Another way would be to mandate profit-sharing by American companies and by foreign companies which have American workers.  A wage increase is a fixed cost which may increase prices; profit-sharing is not.  Although  it would reduce the retention of profits for further  investment, there is no shortage of capital available from investors to enable a company to modernize, expand production and buy other  companies.   This would draw more capital away from zero-sum trading and into productive investment, which is as socially desirable as is sharing of the pie with working people.  There are options for many aspects of profit-sharing, such as sharing a fixed percent of profits or on a sliding scale based on a measure of profitability, allocating profit  shares equally to all employees or in proportion to their base wage, allocating to company employees only or to individual independent contractors and to employees of sub-contractors as well, allocating profit shares quarterly rather than annually, and so on.  The total amount shared should not be tied to the company's stock price, because that is too volatile in response to traders' sentiment and ambient interest rates, usually over-stating or under-stating the company's profitability.  As company profit fluctuates, profit-sharing would adjust total compensation costs automatically, minimizing layoffs while increasing workers' share of the pie.  It would also incentivize employees to improve their employer's success.  Everyone would benefit.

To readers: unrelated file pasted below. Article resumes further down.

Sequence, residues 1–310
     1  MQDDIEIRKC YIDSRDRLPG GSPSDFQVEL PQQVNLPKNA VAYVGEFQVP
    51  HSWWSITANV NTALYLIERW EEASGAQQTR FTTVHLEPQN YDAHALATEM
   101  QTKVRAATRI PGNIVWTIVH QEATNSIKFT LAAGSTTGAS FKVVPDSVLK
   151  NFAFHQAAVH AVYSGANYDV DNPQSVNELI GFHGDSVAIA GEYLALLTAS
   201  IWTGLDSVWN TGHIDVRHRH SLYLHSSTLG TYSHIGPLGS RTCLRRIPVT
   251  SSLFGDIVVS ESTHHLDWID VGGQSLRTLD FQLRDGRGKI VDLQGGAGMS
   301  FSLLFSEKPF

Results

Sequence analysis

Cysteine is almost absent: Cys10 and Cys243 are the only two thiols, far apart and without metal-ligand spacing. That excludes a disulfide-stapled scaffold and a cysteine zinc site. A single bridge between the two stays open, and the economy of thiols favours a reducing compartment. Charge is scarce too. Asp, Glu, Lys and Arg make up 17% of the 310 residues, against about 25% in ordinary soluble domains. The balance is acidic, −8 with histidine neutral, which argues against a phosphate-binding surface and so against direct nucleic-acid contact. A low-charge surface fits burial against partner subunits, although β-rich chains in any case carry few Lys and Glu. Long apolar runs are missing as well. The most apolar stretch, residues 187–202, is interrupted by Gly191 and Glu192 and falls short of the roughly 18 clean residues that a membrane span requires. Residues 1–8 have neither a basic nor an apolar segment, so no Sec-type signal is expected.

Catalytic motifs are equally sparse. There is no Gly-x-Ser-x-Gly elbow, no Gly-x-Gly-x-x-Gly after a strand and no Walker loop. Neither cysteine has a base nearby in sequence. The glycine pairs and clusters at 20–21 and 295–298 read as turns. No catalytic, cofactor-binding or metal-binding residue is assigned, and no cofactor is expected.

Another way would be to increase the Earned Income Tax Credit (EITC) and expand it to employees with middle as well as low income.  This would have no negative effect on business profits or on the retention of those profits for further investment.  However, it would transfer the cost back to the general public who are supposed to benefit from it, unless it were paid for entirely by a tax surcharge on high-income individuals and/or by a tax on accumulated wealth above some reasonable level.  It would also require workers to apply for it, and those whose income is now too low to owe income tax would have to file a tax return, which many may be unable to do without assistance.  On the other hand, this might entice some people out of the underground economy.
 
 On balance, better pay would be better than an expanded EITC, because generally people feel better about themselves when they are paid well for their work, more so than when they need to ask for a government benefit. Public morale is an important factor in quality of life, social stability and the economy.  And profit-sharing would be better than higher fixed wages because of the incentive factor and the automatic adjustment as profits fluctuate.
 

 

 Something must be done to increase wages.  Working people, retired working people and their dependents are the vast majority of our people and therefore of our consumers.  The well-being of American businesses and therefore of the investor class (to use George W. Bush's terminology), as well as of the employee/consumer class, depends on it.  More profit-sharing may be our best solution.  If national, state and local governments have the authority to mandate a minimum wage, they can also mandate a share of profits.